This is the next in our series on the "Hu" (Human Element) of Organizational Effectiveness.
With the skill of being purposeful, we see how these talents actually fit together and support one another. If you have created outcomes and are driving your team toward them then being purposeful in prioritizing performance (metrics) instead of succumbing to organizational politics becomes almost second nature. In fact, being purposeful seems far less difficult, and "politics" becomes a non-issue.
Every Company Gets The Performance It Wants
When I talk about politics I use it in the more generic sense and really this could be interchanged with "company culture". Culture or the ethos created by it (politics) is a direct result of what company leadership requires and more importantly what they ignore. This is a powerful principle. For example, a company may give lip service to issues around safety but if they ignore or brush under the carpet safety issues in favor of increased profits they send a clear message to their team about what is really important. In the oil patch, there are companies that make so much money that issues of downtime and productivity are simply not important; the margins are so big. That is until the inevitable downturn hits but by then it's too late. Downtime is accepted and with a wink and a nod the supervisor or operations manager says "well its the oil patch - crap happens!" What that really means is that they don't care or know enough to realize that they could be operating at much higher levels of performance. In this instance, leadership does not have to be purposeful because nothing is being measured and there is more than enough padding in the profit margin to make up for those "little" mistakes. This is the type of "politics" I am referring to in our exploration today.
Purposeful Leaders Are Disrupters
So prevalent is this culture that both client and service provider make allowances for it; that is until someone who is decisive comes in to disrupt the natural order of things. In one case the change was stark. Service crews were working for a client. The daily schedule allowed for an hour of maintenance every four hours or so. Often downtime issues came up during those four hours of run time and when those issues had nothing to do with this service provider, out came the computer games while they waited for whatever issue was to be resolved. That is until one front line leader who was using outcomes to drive his team's performance decided that this was a horrid waste of good time.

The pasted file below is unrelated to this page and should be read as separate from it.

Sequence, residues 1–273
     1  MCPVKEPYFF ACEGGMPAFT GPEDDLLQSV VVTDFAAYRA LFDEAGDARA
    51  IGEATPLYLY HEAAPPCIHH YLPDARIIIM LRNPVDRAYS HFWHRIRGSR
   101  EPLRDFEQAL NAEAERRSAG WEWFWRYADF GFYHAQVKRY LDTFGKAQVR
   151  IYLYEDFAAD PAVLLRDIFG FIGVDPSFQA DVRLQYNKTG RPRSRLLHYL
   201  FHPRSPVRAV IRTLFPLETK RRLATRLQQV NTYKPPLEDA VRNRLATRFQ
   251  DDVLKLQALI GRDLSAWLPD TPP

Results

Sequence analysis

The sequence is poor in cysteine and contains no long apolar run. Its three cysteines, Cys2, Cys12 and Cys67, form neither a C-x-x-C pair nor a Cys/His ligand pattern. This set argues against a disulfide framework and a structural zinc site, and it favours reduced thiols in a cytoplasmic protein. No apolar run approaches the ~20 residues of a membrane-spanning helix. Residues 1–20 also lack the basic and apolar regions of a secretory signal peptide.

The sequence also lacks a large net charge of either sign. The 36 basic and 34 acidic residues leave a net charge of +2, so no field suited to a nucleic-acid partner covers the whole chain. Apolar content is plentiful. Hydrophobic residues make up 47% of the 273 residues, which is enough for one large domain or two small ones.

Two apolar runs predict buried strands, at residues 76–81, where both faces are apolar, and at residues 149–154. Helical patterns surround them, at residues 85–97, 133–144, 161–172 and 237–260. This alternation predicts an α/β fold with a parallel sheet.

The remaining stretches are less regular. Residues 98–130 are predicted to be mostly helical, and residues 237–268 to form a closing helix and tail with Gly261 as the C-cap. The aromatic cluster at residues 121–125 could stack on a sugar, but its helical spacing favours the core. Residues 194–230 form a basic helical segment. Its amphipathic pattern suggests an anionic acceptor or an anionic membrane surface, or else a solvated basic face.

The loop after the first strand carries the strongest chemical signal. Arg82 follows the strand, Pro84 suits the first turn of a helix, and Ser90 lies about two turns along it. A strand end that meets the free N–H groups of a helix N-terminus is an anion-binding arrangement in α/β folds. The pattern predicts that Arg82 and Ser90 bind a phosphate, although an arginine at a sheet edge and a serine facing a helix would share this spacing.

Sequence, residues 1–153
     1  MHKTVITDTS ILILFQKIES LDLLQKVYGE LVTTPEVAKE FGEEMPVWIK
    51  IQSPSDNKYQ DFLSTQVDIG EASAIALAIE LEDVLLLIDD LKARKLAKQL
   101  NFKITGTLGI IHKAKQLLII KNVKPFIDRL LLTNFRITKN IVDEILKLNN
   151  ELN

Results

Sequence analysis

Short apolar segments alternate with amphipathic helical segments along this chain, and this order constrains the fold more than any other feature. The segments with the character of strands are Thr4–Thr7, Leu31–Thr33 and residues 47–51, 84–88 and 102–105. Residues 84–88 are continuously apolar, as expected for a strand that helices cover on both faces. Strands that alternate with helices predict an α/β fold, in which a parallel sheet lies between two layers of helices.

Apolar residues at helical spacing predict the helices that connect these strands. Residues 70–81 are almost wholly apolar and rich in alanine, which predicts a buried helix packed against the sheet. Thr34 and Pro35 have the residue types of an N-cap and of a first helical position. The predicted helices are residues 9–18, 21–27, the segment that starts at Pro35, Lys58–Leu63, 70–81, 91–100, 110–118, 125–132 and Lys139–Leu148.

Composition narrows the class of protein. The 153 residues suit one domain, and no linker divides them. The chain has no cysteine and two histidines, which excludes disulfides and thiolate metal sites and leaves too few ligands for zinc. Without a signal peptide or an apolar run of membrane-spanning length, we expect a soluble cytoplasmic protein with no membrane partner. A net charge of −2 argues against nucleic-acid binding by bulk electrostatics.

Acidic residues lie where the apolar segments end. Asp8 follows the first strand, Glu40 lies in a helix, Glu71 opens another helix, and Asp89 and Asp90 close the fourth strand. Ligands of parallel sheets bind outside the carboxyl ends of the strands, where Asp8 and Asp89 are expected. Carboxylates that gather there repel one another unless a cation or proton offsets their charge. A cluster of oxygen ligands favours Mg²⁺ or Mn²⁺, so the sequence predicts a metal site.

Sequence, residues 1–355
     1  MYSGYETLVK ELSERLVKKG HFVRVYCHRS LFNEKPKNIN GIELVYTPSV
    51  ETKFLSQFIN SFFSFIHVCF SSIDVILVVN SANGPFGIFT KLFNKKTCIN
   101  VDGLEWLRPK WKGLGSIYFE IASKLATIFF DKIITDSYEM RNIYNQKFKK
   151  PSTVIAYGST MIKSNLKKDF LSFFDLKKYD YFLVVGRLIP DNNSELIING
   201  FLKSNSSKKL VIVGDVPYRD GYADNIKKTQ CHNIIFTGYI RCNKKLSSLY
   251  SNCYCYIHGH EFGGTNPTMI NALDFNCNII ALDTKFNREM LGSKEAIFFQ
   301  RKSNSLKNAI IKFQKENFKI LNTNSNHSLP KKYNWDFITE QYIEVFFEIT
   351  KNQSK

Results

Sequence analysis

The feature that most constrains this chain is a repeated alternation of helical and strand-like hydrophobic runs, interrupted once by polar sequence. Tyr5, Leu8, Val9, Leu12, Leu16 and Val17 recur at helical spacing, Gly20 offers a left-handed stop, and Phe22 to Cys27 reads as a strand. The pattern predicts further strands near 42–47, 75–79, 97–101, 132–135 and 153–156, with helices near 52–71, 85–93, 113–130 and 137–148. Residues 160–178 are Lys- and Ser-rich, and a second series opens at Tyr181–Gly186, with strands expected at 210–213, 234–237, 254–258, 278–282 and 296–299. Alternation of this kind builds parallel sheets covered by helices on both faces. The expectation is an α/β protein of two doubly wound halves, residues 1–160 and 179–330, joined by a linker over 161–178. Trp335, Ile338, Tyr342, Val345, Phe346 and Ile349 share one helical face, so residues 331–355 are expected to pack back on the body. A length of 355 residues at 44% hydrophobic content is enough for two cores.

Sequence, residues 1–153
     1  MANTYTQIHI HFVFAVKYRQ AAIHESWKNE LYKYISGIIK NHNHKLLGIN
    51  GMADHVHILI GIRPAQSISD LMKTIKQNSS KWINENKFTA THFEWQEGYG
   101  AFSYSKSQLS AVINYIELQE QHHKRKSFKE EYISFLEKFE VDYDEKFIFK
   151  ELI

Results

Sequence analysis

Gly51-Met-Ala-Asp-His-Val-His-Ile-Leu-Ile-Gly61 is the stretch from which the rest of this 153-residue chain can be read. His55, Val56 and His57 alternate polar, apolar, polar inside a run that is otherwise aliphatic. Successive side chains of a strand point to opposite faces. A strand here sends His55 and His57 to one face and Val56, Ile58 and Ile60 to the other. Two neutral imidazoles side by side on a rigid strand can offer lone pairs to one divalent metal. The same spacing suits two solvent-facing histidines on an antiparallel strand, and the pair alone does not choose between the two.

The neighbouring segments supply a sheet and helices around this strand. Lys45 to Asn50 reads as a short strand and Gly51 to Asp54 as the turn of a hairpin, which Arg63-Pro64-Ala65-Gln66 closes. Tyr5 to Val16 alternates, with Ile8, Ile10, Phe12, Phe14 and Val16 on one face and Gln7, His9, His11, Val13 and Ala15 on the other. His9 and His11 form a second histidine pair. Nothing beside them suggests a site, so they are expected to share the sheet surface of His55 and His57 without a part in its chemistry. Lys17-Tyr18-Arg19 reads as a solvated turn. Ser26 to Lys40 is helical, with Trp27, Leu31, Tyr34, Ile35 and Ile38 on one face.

Based on the data he was getting from his crew he calculated that there was quite a bit of maintenance that could be accomplished during these interruptions. This was a risk because he could be halfway through maintaining a piece of equipment and they could be called to get back to operations. But because of the input from his crew (the outcomes they had been measuring), he knew exactly how much time was needed and he didn't hesitate to talk to the site manager to confirm the estimated downtime for the issue and communicate to him what he planned to do.
What happened? It turned out the data he had was good and when interruptions happened his crew was prepared and went out to do maintenance. It was close sometimes but they were always ready to roll when the site manager asked them to. Here was the kicker; because they got so good at using these windows of opportunity for maintenance they did not need the scheduled downtime! Of course, the client was pleased as punch, and suddenly what had been the norm (waiting out interruptions playing on the computer) quickly faded away, and a new much more productive norm was put in its place. All because one front line leader made a decision and it paid off.
You Can't Have One Without The Other
It is important here to point out that this leader could never have made that decision if he had not already been driving outcomes with his team. Not only that but he could not have presented his case so effectively to the site manager if he hadn't had the data to back it up. You may want to be purposeful but without the outcomes and metrics, you are just taking chances. This is often where leaders who are purposeful run into issues; upper management is not going to run with your "hunch" when you have nothing to back it up with. So you may be naturally purposeful but you need that assertiveness and drive to outcomes to compliment it. You really can't have one without the other.
You may be reading this and saying to yourself that you want to be purposeful but that the company culture or your boss isn't open to it. Do you have the data to support your position? If not then set about getting it with your team, work with them on driving to those outcomes and just watch and see what happens! Performance Leadership - Think About It!
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